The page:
Fear is the oppressor’s most powerful weapon. It is numbing, crippling and usually very difficult to overcome. Yet to surrender to it’s manipulative power leads to even greater horrors in the long run. The good thing that can be said about fear is that unlike bullets, bombs and missiles, the power to defeat this weapon lies within each one of us.
What can I say? I guess I tend to be a pessimist. I didn’t think the long term prospects looked too good for the human race back when I was in prison and honestly, I don’t think they look too good for us now either. Having said that, I still think it’s important to work to make things better and to be relentless in exposing the truth when and wherever possible. But I don’t believe in sugar coating reality; that just makes people think they have more time to do nothing.
It’s amazing to really be in love with someone, look in their eyes and feel that strength that comes from knowing that at least at that moment, you’re not alone anymore. Two people have become one and for a time, everything seems natural and easy.
This is the song that I did actually write about Julie describing her betrayal of her friends at her sentencing appeal and the effect it had on her and everyone else. While her actions made me very angry, it was impossible for me to not feel pity toward her at the same time. I knew that she had felt trapped in a situation she couldn’t face and that she had been pressured by the authorities into doing what she did. Of all the things that happened to me as a result of being in Direct Action, watching helplessly as my partner became someone I didn’t know anymore was the hardest thing to deal with.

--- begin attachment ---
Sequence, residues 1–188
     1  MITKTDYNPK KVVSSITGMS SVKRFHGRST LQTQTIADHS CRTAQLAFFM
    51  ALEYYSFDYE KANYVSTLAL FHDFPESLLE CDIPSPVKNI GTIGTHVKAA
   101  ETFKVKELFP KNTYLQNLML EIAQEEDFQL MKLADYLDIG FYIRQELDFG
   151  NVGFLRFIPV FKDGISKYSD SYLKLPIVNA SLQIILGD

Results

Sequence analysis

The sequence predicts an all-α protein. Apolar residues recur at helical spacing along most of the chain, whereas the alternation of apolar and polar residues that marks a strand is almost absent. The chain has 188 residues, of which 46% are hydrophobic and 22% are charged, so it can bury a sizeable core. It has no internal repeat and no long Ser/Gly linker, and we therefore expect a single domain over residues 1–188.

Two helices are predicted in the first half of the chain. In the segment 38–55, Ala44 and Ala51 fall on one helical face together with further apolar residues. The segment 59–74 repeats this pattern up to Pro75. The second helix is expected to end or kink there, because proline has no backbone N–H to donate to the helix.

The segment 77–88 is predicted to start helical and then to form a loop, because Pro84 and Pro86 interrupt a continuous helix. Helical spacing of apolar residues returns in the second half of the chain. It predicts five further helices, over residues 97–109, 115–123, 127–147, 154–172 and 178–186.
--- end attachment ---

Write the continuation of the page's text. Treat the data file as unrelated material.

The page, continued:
For some reason every powerful empire in the history of the world seems to lack the ability to see that they too will one day crumble and fall. No matter how evolved and invincible they think they are, their day in the sun will eventually fade to dusk. Even though history has numerous examples of empires believing in their own immortality only to collapse under the weight of their arrogance, seceding ones persist in these foolish beliefs.
Another pretty pessimistic song I’m afraid. This is the first song I wrote after leaving the Subhumans in 1981. I wrote it just after quitting a horrible job working for a tyrant of a boss in Jasper, Alberta. Julie and I had moved there thinking that it would be great to live in the mountains that we loved, but we came back to Vancouver a few months later with our tails between our legs having had a very bad experience there. We were both pretty depressed and disillusioned with mainstream society at that point. Six months later, we had joined Direct Action.